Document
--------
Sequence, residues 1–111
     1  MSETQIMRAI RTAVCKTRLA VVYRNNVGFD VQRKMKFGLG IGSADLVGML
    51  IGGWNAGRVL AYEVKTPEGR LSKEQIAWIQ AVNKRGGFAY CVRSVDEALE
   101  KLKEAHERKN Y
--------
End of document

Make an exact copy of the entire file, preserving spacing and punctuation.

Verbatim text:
Sequence, residues 1–111
     1  MSETQIMRAI RTAVCKTRLA VVYRNNVGFD VQRKMKFGLG IGSADLVGML
    51  IGGWNAGRVL AYEVKTPEGR LSKEQIAWIQ AVNKRGGFAY CVRSVDEALE
   101  KLKEAHERKN Y